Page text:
Frowning, Syrus pushed away from the window, striding to stand in front of Cass; he was several inches taller, towering over the younger man. Reaching for Cass’s arm, he always made the younger man feel small and delicate- knowing the large fingers wrapped around his wrist, his skin warm against Cass’s constant chill, could easily snap bone. There was only gentle concern in Syrus’s touch as he turned Cass’s hand palm up to inspect the veins on the inside of his wrist.
Syrus’s thumb brushed over the soft skin; Cass shuddered, biting his lip against the leap of his pulse. Swallowing the instinct of fear, the expectation of pain- he knew Syrus’s inspection was clinical, but memories of fangs and agony flashed through his mind relentlessly.
“Blue and pale, good,” Syrus murmured, giving Cass an apologetic smile as he met the younger man’s frightened gaze. He released Cass’s arm, fingertips dragging against the back of his hand before it dropped to his side.
Cass took a steadying breath, fingers curled over his palm as he tried to blink away the memories. “I told you I was fine,” he muttered, his eyes dropping to the floor.
Syrus held his tongue against an apology, knowing how little it would mean. Instead, he gave the reason for his invasive inspection: “Our master called for you.”
Stiffening, Cass’s pale gaze flashed back to his companion. “So soon?” His voice was a shadow of a whisper, barely audible even with so little space between them. “But I’m allowed to rest-”
“He said there is an urgent matter that requires your attention- and it can’t wait until your rest period is over.” Syrus’s expression was full of sympathy as he watched Cass’s chest move in quick, fluttering breaths, his hands trembling. “I can try to beg for time. It may cost me, but-”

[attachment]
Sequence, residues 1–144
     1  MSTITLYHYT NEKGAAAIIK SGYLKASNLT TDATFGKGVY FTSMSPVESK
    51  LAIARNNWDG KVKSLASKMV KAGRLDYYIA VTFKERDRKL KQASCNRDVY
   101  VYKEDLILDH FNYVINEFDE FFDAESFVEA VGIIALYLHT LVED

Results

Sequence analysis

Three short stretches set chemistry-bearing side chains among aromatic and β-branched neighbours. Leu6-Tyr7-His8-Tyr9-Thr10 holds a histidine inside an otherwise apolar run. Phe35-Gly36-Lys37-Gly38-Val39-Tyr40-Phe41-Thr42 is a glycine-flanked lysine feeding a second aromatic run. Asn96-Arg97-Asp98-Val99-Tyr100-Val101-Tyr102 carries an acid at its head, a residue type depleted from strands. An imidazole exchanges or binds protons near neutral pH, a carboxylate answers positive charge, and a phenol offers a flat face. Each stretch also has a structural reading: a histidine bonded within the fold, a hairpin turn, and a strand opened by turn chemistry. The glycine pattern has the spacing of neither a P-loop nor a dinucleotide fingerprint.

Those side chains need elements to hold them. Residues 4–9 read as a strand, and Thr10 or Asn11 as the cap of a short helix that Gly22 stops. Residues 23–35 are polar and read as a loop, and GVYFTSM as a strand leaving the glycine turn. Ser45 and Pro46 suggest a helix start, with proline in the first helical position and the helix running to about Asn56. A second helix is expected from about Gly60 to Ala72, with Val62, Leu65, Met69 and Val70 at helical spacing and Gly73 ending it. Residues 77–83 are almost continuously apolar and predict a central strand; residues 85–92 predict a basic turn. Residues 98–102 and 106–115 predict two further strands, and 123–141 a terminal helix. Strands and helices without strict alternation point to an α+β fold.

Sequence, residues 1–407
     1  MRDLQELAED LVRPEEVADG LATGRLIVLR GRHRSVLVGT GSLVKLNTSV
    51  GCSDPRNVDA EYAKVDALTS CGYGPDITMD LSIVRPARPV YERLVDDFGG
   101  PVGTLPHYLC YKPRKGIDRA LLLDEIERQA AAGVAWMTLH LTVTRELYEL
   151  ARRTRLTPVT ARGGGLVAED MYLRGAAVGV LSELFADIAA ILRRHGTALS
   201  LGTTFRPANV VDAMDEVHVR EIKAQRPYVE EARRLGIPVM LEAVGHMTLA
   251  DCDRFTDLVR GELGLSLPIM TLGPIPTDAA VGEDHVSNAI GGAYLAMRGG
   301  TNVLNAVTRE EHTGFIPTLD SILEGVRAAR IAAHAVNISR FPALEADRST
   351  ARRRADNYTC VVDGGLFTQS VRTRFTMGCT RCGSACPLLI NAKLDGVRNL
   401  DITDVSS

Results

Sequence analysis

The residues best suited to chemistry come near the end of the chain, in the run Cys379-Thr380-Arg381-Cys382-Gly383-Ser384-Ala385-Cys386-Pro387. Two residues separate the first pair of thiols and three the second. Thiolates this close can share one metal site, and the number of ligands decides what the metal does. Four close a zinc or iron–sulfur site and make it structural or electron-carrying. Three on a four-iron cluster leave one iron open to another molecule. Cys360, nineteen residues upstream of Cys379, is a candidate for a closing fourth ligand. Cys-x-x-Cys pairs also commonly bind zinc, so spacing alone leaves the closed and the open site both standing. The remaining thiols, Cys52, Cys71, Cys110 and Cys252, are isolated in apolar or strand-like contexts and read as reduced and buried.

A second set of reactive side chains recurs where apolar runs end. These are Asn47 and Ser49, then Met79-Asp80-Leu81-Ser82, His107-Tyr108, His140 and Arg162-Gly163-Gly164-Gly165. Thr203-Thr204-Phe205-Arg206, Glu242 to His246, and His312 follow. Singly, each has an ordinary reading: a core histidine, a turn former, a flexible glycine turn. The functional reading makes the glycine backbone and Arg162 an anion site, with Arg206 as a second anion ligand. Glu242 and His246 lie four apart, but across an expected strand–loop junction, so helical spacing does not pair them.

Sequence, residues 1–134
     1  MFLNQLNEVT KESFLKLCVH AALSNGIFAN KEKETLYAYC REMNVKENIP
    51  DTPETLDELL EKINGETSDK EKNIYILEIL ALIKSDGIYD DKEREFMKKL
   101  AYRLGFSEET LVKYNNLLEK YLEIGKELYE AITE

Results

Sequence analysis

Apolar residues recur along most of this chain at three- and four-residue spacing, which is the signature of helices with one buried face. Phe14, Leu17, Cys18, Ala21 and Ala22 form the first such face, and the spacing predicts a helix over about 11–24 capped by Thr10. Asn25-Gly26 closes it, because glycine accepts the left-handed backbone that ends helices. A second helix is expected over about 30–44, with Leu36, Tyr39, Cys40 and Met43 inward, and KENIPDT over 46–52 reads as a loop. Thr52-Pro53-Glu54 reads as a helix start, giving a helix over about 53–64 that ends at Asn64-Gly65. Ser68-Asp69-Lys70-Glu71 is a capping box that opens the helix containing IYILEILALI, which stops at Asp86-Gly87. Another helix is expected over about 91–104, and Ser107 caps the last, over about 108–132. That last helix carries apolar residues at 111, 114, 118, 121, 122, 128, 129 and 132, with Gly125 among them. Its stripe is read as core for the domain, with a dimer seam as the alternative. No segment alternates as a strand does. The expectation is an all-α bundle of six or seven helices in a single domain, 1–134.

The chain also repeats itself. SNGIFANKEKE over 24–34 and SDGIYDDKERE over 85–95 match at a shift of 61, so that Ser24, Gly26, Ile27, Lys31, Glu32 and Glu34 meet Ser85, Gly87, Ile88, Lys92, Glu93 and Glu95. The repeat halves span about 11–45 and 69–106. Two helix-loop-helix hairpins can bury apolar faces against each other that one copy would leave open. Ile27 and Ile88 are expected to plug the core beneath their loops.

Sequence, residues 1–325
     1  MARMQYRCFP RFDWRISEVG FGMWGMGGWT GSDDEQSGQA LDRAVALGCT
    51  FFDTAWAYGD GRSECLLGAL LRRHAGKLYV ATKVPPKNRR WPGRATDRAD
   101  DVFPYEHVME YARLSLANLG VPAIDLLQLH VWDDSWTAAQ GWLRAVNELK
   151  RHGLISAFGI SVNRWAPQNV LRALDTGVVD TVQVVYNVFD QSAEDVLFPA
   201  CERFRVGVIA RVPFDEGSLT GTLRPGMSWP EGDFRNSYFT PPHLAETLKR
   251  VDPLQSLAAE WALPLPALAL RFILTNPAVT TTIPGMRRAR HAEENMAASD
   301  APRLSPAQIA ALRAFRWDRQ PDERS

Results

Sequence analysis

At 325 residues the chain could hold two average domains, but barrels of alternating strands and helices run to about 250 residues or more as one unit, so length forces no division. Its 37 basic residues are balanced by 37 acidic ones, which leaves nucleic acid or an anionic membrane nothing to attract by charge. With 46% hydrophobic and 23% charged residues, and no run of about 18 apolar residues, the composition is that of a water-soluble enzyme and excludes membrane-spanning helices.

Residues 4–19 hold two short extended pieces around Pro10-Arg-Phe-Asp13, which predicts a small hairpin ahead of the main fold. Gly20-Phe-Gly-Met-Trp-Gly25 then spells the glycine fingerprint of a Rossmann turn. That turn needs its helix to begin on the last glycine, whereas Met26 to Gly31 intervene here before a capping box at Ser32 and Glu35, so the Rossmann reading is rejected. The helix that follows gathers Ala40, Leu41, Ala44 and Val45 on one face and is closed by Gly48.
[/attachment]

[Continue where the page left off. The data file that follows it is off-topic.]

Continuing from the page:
“No!” Cass was quick to snap the word, his voice thin as he set his jaw.
Syrus couldn’t help wondering at the strength which sometimes shone in Cass’s eyes; it seemed so out of place on a thrall who had been trained from a toddler’s age. “Are you sure? It’s been nearly a week since the last treatment. I don’t want you to get desperate again.”
Cass’s stomach roiled, nails biting into his palms as he looked away. “I can handle it,” he replied, tense with guilt as he turned away from Syrus. Though his steps were quick, Syrus’s long stride caught up to him quickly as they reached the door together.
Cass shivered as he exited into the hall, glancing up at the camera aimed at his doorway, blinking a soft yellow light as it took in abnormal temperatures. They stood quietly in the hall, waiting for the guards to recognize Syrus at Cass’s side before the light turned green- disabling the alarm that would wail if Cass attempted to leave his room alone.
Hesitating for a moment, Cass stared down the empty hall, away from Syrus’s long steps as he guided the way. A soft longing stirred in his chest, his body shifting slightly toward the potential of a moment truly alone.
“Cass?” Syrus’s gentle voice calling his name made him stiffen, eyes flashing up to see a pale green gaze full of concern- and a silent warning.
Cass froze, appalled by the moment of weakness. There was no reason to tempt his master’s wrath- not with whatever emergency awaited them. Shaking himself, Cass turned his back on the quiet temptation of solitude.
Syrus relaxed slightly, but kept a sharp eye on Cass as he gestured ahead of him, and spoke the words that always chilled the younger man to his core. “Let’s not keep the master waiting.”